New-look track cycling calendar has potential to be destructive – Stephen Park
British Cycling performance director Stephen Park has warned the UCI’s radical new-look track cycling calendar has the potential to be “massively destructive” if not introduced properly.
The world governing body on Sunday confirmed details of the plans, which will see the World Championships move from February to October; the World Cup replaced by a shorter Nations Cup during the summer; and a new made-for-TV Track League, developed alongside Eurosport, introduced in the winter.
It is understood that at meetings around the UCI Track Cycling World Championships in Berlin last week, national federations raised a number of concerns but got few answers from the world governing body about plans which will start next year.
“There are a huge number of questions unanswered,” Park told the PA media agency. “The overall principles are all fine, but how they might do it could mean the whole thing is chaos and be massively destructive to track cycling.
“The devil is in the detail.”
The new Track League is designed to pit the sports main stars against each other in short races, but federations want answers over how the Nations Cup will feed into Olympic qualification, with the cycle for Paris 2024 effectively shortened by one year by the changes.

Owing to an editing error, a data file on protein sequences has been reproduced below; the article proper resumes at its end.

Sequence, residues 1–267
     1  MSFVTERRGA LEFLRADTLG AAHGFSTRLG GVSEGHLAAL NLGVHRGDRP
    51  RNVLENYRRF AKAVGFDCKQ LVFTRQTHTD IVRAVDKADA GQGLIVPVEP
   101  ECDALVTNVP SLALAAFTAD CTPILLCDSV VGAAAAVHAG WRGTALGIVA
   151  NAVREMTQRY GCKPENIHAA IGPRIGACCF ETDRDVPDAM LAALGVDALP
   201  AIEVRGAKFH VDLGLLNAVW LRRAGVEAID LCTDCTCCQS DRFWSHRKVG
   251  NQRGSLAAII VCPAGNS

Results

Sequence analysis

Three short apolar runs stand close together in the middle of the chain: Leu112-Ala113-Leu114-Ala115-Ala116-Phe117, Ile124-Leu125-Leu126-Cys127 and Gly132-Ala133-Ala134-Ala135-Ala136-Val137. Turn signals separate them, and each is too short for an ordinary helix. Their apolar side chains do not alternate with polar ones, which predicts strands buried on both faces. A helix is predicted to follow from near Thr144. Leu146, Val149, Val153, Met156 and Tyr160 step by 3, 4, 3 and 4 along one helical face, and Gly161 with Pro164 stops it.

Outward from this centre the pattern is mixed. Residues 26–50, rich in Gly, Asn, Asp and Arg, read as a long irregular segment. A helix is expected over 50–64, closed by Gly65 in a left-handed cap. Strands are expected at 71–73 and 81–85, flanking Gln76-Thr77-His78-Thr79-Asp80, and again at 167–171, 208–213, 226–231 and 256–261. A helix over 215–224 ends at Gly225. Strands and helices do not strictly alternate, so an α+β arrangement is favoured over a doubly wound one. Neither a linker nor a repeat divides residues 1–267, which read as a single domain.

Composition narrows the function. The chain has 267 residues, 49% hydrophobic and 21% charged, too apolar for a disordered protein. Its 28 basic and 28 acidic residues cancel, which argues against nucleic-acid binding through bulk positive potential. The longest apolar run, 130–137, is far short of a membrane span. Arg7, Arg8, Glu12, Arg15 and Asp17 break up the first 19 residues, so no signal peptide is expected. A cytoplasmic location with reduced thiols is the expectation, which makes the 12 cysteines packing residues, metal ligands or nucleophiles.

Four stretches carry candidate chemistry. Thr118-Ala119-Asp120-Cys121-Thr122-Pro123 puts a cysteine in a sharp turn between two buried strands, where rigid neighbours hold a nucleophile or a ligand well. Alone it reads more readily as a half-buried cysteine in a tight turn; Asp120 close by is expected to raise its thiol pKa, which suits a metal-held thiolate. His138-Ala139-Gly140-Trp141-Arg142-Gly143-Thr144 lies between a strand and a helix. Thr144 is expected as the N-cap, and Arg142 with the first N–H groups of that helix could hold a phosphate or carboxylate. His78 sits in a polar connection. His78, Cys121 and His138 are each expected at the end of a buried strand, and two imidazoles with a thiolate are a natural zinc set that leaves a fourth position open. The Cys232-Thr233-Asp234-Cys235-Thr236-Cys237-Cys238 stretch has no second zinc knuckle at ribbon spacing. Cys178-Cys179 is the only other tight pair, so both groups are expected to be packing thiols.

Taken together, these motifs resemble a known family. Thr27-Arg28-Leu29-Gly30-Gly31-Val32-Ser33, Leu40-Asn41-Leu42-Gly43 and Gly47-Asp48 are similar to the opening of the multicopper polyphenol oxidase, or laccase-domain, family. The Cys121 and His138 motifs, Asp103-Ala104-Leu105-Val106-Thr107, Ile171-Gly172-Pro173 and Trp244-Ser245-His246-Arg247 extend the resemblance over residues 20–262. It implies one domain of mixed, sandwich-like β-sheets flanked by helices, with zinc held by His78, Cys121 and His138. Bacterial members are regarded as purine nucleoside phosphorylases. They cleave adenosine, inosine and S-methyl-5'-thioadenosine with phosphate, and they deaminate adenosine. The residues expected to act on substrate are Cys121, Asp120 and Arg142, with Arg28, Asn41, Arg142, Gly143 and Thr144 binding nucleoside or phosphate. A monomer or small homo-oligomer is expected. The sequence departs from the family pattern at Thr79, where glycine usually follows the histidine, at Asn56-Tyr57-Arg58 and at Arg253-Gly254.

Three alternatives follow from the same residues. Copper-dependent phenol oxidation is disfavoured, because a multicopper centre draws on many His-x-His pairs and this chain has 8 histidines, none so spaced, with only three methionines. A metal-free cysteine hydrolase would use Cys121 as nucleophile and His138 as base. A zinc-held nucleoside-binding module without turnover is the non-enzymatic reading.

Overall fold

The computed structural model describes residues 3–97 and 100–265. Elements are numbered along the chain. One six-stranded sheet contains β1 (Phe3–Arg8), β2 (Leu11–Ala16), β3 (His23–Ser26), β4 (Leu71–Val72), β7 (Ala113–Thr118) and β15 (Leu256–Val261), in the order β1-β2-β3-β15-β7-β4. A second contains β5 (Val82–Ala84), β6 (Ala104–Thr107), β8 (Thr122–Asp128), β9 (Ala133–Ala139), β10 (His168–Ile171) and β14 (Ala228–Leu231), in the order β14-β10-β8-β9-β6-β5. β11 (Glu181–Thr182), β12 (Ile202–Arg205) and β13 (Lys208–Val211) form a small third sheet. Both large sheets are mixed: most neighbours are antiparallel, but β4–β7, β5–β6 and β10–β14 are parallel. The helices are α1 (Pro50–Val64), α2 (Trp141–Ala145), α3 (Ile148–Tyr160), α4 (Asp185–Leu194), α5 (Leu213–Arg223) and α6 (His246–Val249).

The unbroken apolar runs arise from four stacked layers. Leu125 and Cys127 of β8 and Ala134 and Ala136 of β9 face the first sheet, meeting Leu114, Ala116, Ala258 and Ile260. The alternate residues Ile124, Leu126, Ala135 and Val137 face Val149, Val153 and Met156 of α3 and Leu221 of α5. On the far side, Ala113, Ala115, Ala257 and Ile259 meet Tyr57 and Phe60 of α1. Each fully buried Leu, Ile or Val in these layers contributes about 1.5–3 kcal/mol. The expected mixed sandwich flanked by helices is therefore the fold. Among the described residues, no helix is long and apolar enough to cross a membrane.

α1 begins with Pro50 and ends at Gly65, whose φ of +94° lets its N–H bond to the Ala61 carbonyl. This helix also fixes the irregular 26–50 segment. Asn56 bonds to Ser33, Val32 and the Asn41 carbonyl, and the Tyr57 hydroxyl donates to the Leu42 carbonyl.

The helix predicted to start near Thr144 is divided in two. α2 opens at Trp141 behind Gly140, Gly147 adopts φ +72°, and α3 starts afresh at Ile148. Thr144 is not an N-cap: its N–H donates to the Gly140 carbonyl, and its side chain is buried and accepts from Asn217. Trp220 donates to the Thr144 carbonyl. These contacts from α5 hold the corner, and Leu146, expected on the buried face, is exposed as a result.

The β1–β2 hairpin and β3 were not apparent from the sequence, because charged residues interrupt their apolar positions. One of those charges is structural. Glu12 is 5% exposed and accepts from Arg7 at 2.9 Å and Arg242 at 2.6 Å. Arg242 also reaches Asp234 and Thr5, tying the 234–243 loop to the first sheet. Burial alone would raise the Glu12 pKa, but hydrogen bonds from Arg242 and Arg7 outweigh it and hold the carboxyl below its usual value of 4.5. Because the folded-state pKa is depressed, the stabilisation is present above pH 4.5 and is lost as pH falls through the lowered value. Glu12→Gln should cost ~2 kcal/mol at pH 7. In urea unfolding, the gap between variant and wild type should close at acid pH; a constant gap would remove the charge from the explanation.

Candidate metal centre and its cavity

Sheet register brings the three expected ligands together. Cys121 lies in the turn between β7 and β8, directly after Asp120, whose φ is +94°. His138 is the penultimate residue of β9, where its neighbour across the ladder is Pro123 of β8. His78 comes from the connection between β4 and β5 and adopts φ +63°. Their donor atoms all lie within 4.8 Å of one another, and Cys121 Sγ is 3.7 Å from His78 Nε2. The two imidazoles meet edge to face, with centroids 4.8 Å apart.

The UCI said on Sunday the Olympic qualification process has not yet been finalised, but Cycling Australia’s performance director Simon Jones believes the battle for places is effectively underway already.
“It started this week,” he told PA. “I don’t think (the UCI) realise with some of the new tweaks. But the next World Championships will be based on this year and it all knocks on because you have to qualify to qualify to qualify.
“From the meeting on Wednesday it was pretty obvious Olympic selection for Paris started this week – unofficially.”
UCI president David Lappartient – who made the reforms part of his campaign platform when elected in 2017 – has presented the Nations Cup as ’empowering federations’, but Jones dismissed that idea.
“He’s a politician, it all sounds good,” Jones added. “We’re not empowered at all. We’re doing what the UCI wants us to do.
“We’re significant financial stakeholders. I don’t think (the consultation process) is good enough quite frankly, and I’ve told the UCI that as well. We all got together as nations to talk about it. We’re not very happy.”
Park said British Cycling had made its own views known through correspondence with the UCI.
Asked if he was happy with the level of consultation, Park said: “Ultimately no, because they haven’t done any.
“We had two meetings where they shared details similar to those announced and there’s nothing more than that. We’ve had no real conversation about Olympic qualifying or how the league would work.”
In a press conference on Sunday, Lappartient defended the UCI’s processes.
“When you have some changes there is always a fear of what you will lose, but you don’t know exactly what you will win,” Lappartient said.
“We believe this new system is part of a global strategy and the qualification for the Olympic Games is more of a consequence, but we didn’t want to build our system just for the Olympic Games.
“This is to have track cycling stand on its own. This is why we launched this reform.”